Yeah, pretty much exactly that. fyngyrz.com is busted, very much so. The SFTP and SSH tools are both non-functional at this time, so I can’t update any of the betas; so it’ll be a few days, most likely, before I can get everything working like it’s supposed to again.

Late on Oct 24/2019:

I think I’ve got all the http links changed to https on all posts back to 2017, as well as all of the SdrDx- and iToolBox-related pages and posts.

Oct 25/2019:

The SSH and SFTP tools are now working again. Still working on updating what links I can around the web and on the site.

Oct 25/2019 (later):

Redirect from http: to https: is working now.

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Some observations about the news

I think it’s important to keep in mind that $$$-based journalism tends to have built-in mechanisms for all kinds of spin and/or information hiding. This is useful when considering not just what we are reading, but how and why it managed to get in front of our eyes. The following list, while not complete, serves to highlight some of the filtering going on:

  • The advertisers extend yea/nay force directly to the owner / publisher / board with $$$
  • The owner / publisher / board extends yea/nay force downwards to the editors and reporters
  • The editors extend yea/nay force downward to the reporters and the stories
  • The reporters extend yea/nay force to the choice of stories
  • The editors apply tone force to the stories
  • The reporters apply tone force to the stories
  • The reader’s reactions apply force upwards and this will slowly but strongly moderate the tone of the stories as the nature of the audience makes itself clear to the journalistic enterprise.
  • In some enterprises, the political correctness of a story will affect selection and tone
  • In other enterprises, backing agendas will affect selection and tone
  • The nature of the story – for example, “if it bleeds, it leads” can force other stories out, because drama=$$$ and there’s only X amount of time/energy to cover this or that, and advertisers primarily pay for eyes, and journalism, unfortunately, almost always devolves to a $$$-counting undertaking.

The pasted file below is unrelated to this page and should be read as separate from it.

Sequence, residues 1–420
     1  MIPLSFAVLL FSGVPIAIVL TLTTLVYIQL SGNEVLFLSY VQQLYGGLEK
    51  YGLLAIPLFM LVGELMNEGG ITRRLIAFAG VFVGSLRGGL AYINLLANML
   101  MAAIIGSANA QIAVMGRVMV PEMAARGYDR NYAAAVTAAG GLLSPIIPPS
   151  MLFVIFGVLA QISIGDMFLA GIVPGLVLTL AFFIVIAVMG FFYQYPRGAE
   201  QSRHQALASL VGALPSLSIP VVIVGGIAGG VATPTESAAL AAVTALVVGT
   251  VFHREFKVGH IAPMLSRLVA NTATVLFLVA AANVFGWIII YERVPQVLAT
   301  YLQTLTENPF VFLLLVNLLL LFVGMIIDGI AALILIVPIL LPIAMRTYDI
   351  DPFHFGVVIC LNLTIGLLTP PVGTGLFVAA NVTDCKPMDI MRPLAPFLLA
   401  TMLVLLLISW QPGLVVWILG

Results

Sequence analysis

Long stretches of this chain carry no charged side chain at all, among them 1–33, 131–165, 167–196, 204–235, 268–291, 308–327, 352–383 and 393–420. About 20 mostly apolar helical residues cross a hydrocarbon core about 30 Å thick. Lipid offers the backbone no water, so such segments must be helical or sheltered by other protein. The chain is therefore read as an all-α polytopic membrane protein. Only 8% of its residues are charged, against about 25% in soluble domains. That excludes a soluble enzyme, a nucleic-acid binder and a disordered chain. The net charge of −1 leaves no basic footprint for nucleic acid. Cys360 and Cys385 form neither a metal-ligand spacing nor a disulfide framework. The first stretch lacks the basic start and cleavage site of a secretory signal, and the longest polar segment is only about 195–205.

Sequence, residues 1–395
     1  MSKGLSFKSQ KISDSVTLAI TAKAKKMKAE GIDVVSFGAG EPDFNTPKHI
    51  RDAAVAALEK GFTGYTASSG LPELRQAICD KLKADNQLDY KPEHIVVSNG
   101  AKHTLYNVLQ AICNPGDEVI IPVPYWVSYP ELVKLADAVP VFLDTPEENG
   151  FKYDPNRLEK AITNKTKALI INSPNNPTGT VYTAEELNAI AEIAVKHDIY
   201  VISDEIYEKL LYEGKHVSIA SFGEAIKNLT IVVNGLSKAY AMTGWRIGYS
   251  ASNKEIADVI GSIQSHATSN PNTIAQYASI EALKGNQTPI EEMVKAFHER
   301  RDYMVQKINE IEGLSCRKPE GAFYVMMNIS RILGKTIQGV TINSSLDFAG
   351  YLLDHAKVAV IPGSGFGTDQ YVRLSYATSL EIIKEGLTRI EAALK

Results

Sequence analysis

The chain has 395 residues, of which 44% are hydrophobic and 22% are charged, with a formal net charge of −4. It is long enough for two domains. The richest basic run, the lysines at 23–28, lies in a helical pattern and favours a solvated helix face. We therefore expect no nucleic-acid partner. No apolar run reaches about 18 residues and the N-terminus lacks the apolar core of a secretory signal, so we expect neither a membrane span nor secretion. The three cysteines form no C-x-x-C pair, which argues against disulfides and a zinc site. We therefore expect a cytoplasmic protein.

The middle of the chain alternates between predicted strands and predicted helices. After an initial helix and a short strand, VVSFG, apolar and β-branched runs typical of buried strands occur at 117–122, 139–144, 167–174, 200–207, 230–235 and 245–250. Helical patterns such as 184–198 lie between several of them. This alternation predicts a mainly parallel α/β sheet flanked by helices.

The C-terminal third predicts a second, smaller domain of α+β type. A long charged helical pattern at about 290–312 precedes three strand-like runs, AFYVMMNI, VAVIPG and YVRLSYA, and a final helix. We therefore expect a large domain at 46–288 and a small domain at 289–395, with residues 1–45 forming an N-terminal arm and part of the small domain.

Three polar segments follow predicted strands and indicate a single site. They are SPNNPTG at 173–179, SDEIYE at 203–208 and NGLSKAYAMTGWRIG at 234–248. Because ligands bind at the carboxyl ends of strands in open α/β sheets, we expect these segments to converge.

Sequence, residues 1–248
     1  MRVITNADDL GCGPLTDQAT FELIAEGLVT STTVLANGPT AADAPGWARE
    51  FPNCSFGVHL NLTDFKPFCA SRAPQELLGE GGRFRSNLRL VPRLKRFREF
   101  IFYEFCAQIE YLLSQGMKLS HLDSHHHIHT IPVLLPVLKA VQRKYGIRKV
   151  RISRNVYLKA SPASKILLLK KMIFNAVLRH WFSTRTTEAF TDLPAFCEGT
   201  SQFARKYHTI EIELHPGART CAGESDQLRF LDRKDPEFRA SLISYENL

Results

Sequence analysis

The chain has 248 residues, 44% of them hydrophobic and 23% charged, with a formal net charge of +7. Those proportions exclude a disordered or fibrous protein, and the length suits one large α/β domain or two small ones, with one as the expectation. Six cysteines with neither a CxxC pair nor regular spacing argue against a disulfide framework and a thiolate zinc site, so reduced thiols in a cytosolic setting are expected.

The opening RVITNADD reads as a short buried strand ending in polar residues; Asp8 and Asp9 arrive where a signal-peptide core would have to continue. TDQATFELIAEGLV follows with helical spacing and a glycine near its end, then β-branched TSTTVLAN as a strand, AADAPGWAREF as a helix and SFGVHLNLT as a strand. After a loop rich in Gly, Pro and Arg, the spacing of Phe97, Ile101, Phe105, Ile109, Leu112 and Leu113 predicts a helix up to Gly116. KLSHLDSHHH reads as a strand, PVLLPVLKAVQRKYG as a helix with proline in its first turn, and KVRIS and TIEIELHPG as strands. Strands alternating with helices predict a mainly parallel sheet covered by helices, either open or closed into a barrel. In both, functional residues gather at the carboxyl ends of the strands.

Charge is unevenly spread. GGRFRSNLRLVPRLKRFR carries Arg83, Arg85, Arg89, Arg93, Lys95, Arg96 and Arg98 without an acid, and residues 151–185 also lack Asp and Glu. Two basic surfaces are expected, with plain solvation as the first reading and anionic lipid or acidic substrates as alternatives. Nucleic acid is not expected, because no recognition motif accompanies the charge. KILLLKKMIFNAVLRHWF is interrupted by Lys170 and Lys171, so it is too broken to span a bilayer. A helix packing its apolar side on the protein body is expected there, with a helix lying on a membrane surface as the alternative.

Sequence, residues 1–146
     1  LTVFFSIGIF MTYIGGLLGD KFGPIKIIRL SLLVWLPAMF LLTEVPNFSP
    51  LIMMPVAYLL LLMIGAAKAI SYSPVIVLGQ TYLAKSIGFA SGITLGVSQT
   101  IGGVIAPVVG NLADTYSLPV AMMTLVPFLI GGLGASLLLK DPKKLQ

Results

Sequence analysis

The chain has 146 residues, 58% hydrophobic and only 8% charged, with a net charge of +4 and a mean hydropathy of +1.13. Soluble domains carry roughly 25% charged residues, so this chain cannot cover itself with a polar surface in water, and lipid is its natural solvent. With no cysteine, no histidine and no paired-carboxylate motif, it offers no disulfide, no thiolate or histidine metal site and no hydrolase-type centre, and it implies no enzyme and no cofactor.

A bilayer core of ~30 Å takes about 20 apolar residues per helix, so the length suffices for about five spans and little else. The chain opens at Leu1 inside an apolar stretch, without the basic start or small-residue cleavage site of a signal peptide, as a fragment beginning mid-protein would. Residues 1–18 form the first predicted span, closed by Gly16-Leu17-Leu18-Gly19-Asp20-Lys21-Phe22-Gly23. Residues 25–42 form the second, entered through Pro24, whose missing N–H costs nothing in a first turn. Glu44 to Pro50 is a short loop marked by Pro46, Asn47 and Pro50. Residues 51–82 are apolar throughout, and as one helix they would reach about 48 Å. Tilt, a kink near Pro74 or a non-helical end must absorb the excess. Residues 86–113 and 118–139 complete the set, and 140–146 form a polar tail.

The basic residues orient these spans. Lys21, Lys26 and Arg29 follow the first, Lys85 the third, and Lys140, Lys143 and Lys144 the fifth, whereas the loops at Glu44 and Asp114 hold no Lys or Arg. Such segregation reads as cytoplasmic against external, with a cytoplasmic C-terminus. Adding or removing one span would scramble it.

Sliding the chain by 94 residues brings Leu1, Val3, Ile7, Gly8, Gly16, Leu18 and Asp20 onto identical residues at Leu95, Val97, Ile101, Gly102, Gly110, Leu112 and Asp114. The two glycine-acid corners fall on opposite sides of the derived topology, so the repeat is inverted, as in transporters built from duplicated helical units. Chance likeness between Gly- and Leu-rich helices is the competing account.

Long story short, the news that reaches us may not be the news that is most important to us, the coverage that highlights the details we should really know, or even remotely even-handed. All those pressures and factors are there almost all of the time, in almost all of the news.

On top of this, we may harbor various biases that are based on misinformation, social indoctrination (the long resistance to LGBT is one example of a source of this, as is the so-called “drug war”), and dogma from from various sources.

IMHO, much thinking is called for. My observation is that there isn’t nearly enough thinking being done by many. :/

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OSX Sierra crash recovery

Well, that was unpleasant.

Without any warning, my Mac Pro began failing to redraw web pages. Presuming that Safari had become unstable, I commanded a reboot.

The reboot process got to 1/2 progress bar, then the machine shut down. Repeated several attempts, same results. Not just Safari then.

Time to recover. First I slapped a new HD in there, then used CMD-R (hold while powering up, keep holding until you get a dialog) to initiate recovery using the First Aid application from the original drive. The drive checked out okay as far as file integrity, but apparently (hopefully) the OS had developed some damaged boot settings. So. Time to recover to a new drive. I have a time machine backup on a different drive, but as it looked like the original drive was okay according to the tests the disk utility made on it, I decided to try to recover right from there. So off I went, installing OS X 10.12.6 on the new HD.